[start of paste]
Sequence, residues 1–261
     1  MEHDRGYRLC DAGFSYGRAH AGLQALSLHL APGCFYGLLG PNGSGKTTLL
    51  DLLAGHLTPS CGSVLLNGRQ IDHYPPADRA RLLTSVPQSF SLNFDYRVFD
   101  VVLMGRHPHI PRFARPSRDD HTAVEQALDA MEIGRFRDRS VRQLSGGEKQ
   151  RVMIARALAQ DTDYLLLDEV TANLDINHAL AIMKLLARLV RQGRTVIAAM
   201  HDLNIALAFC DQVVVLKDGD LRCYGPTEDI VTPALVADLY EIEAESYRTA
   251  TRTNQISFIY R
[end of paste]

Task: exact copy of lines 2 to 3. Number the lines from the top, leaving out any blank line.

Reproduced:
     1  MEHDRGYRLC DAGFSYGRAH AGLQALSLHL APGCFYGLLG PNGSGKTTLL
    51  DLLAGHLTPS CGSVLLNGRQ IDHYPPADRA RLLTSVPQSF SLNFDYRVFD